A company I worked with has what seems to me to be a bit of an odd security policy, for working remotely all people need to connect through a corporate VPN to reach the internal networks. The process though is slightly different for contractors and regular employees. Contractors need to use a number generated from an RSA SecurID physical device given to them when they join. Full time employees don't have hard tokens and instead use a company internal piece of software that runs locally on their laptops to get the number. I was wondering if anyone could give a summary of why a company would chose a to use a physical device vs software for the two factor auth.

  • The software that runs on the laptop to get the number - are they also RSA token numbers? Do you have to enter credentials to get the token or do you just access the program and you get a token?
    – katrix
    Commented Jan 20, 2017 at 15:24
  • Not sure if they where token numbers, my recollection is a bit fuzzy. There was no authentication on the program other than logging into the password protected and hard-disk encrypted laptop.
    – mercurial
    Commented Jan 20, 2017 at 16:01

2 Answers 2


That is a common usage. The interesting part in a physical device, is that when you no longer work with a contractor, you ask him to give you back the device and you are sure that he will no longer be able to connect to your system.

Employees are assumed to be more reliable, so a software way is enough. The security is no longer on the physical way (it is easier to copy a software that a physical device), but on a legal way. I mean that the company can fire and/or prosecute an employee that would not respect the security policies. That is just a compromise between the risk and the way to mitigate the risk


It looks like full-time employees, being better vetted (since a large portion of the vetting is usually up to the vendor for contractors) are given a "more convenient" way to access the VPN, since the tokens are generated on the laptop. Contractors would need one more "something you have" factor (of 2 factor auth fame) to access the VPN. If physical vs (properly implemented) soft tokens had any security implication, the less secure one would have never left the ground IMO.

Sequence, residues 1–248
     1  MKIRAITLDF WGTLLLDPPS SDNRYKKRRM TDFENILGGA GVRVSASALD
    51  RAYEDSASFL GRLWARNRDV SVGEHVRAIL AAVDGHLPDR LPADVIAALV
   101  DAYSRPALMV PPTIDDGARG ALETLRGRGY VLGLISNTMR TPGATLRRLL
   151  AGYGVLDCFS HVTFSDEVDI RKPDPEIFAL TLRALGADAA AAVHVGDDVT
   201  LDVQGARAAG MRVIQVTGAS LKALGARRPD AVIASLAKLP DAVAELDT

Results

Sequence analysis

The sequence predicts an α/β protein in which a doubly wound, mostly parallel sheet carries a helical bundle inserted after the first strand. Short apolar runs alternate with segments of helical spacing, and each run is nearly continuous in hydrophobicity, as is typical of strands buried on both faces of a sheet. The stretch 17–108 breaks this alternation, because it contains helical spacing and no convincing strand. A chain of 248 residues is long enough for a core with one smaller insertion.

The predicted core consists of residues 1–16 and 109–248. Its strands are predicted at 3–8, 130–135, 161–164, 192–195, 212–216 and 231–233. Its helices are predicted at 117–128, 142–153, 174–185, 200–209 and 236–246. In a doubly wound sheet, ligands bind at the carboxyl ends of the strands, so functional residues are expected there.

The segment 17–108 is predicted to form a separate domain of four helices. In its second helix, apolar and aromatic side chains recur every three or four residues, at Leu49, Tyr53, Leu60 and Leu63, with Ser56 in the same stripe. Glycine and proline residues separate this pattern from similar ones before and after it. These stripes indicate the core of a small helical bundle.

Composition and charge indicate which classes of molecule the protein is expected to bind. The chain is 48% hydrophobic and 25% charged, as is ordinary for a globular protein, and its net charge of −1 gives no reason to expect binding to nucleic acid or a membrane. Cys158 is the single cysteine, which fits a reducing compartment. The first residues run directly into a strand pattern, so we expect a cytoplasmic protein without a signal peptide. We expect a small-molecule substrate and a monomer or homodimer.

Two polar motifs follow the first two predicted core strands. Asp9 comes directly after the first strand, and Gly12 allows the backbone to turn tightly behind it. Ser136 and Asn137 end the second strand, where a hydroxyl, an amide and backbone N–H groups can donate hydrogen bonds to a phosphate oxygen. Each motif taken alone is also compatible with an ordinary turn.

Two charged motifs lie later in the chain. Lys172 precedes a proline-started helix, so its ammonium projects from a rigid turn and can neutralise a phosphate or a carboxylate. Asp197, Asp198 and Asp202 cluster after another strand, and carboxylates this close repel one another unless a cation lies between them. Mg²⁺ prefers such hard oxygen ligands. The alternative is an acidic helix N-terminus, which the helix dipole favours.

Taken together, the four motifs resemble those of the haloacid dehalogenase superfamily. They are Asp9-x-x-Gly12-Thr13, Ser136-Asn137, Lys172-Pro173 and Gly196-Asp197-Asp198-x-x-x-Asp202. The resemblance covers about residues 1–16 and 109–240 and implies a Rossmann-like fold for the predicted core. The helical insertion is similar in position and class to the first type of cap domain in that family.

• Sot tokens are of course more unsecure than hardware tokens. Just because a product exist, does not mean the product is good, sensible or healthy. Softtokens are for complaining non-technicals, who do not understand the concept of 2FA. This is why they left the ground. Because it makes the users feel good. Not because they are safe.
    – cornelinux
    Commented Feb 1, 2017 at 17:37
  • Inherent flaws and implementation flaws are two very different things. Could you elaborate more on why you don't consider a soft token a second factor? If implementation is your pain point, then a badly designed physical token from Acme Corp would be insecure too, right?
    – katrix
    Commented Feb 1, 2017 at 20:11
  • In an ideal world a second factor is a piece of possession. The idea behind the possession is, that the attacker needs a different skill set to attack this second factor. This is what makes it harder for the attacker to attack. Otherwise you could use a second password as a second factor ;) One important feature of a possession is that the owner realizes, when he does not possess it anymore. It can be stolen, but it should not be copyable.
    – cornelinux
    Commented Feb 2, 2017 at 10:09
  • ...A piece of software with a cryptographic key in a file (be it encrypted or not) can be stolen by the attacker with the same skillset and without the owner knowing. The attacker will have all the time to retrieve the plaintext secret key and thus have a copy of the possession factor. Bottom line: same skillset and copyable. (But of course the world is not simply black and white)
    – cornelinux
    Commented Feb 2, 2017 at 10:10
  • I understand what you're saying, but again - isn't that an implementation issue? Copying a secret key from a laptop is no different from stealing someone's physical fob. The crucial point is this - the password is something you know, the key is something you have. That makes the key the second factor.
    – katrix
    Commented Feb 3, 2017 at 16:16

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